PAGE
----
JG: In the mid-20th century, questions relating to ethical language were in vogue, and reflection on moral discourse and meaning was held to be crucial. For example, a central question was whether ethical statements, qua speech act, should be understood as full-blown assertions or not. Those questions have faded from spotlight in recent years. How do you estimate the significance of language for ethical thought?

AWM: Quite generally, the way we talk about things supplies significant hints at their correct understanding. This is so with talk about actions and their moral qualities as much as it is with talk about causes, numbers, social institutions, or whatever.

Now, in order to improve our grasp of the relevant concepts, attention has to be directed at the interaction between the ways we talk and the ways we act. What philosophy needs to get clear about is the different roles that different uses of words play in the wider context of human social life. So philosophers have rightly become critical of arguments based simply on “what we (don’t) say”.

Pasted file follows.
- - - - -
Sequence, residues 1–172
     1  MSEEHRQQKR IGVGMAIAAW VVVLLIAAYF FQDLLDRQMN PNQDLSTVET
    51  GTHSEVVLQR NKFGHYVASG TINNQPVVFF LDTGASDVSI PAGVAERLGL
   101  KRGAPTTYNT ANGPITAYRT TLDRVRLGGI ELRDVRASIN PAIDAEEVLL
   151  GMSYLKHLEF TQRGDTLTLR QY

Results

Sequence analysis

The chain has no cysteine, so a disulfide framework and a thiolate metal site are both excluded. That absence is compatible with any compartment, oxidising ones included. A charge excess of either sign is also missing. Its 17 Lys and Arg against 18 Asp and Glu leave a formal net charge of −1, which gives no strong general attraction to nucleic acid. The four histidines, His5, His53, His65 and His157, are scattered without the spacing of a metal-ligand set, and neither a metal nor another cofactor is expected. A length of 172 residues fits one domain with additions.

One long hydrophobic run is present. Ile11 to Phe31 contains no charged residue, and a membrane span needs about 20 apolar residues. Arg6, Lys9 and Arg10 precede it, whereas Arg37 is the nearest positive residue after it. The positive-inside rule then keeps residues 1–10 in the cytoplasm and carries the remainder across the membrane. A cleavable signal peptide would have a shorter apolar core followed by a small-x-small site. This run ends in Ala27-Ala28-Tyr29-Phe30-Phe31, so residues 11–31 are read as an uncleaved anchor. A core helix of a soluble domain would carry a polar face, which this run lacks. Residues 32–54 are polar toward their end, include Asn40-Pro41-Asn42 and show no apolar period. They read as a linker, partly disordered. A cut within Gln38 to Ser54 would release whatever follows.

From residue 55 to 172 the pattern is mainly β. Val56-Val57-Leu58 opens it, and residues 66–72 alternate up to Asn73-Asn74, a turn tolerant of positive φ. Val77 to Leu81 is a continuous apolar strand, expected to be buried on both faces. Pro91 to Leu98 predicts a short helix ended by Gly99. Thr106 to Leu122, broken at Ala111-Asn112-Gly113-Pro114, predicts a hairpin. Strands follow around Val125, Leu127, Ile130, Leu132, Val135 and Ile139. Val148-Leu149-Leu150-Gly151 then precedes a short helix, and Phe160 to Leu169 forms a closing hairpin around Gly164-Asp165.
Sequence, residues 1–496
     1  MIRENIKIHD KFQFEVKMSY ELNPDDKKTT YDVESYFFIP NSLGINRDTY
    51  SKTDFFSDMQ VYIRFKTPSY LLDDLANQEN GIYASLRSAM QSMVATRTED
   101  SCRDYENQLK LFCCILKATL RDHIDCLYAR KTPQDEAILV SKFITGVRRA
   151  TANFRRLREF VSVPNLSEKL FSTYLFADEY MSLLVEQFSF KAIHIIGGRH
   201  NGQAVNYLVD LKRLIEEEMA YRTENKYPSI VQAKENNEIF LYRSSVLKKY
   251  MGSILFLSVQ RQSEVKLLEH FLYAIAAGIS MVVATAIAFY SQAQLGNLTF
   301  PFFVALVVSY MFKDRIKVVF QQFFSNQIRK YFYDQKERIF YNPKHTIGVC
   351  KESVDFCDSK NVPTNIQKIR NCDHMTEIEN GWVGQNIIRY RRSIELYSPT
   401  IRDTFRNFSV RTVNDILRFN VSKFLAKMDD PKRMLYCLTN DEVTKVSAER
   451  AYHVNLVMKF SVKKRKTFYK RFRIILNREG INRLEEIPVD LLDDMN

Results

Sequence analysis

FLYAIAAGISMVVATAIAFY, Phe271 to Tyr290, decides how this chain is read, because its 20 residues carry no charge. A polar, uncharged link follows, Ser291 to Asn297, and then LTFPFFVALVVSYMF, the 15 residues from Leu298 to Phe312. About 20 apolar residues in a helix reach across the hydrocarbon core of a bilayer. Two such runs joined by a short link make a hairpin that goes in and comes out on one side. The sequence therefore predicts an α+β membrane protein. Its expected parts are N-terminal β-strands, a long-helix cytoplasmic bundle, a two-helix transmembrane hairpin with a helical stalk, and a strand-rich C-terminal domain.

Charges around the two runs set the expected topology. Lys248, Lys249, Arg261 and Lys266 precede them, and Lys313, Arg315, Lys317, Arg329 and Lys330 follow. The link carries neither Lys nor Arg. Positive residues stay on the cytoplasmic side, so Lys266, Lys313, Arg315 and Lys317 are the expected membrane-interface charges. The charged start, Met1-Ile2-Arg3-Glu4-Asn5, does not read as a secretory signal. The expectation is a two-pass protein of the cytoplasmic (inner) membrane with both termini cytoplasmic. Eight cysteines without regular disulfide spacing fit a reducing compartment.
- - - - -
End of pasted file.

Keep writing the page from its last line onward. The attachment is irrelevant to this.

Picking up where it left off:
But, as far as I can see, present day analytical philosophy suffers more from the opposite error: its practitioners are often insensitive or indifferent to the problematic character of formulations required or admitted by their theories, when by taking notice of it they might have discovered, e.g., that the phenomena they were hoping to cover by a unifying account were in fact more disparate than this account allowed.

JG: It seems that there are two kinds of good that pertain to human beings. On the one hand, there’s individual well-being or happiness. On the other hand, there’s moral perfection. Would you be happy to draw this distinction? If yes, how do you think individual happiness and moral perfection are related?

AWM: I can’t say that I would be happy to draw that distinction. Shouldn’t one feel honored to belong to a species noble enough to find their happiness guaranteed by adherence to reason realized in a life of virtue, as the Stoics taught?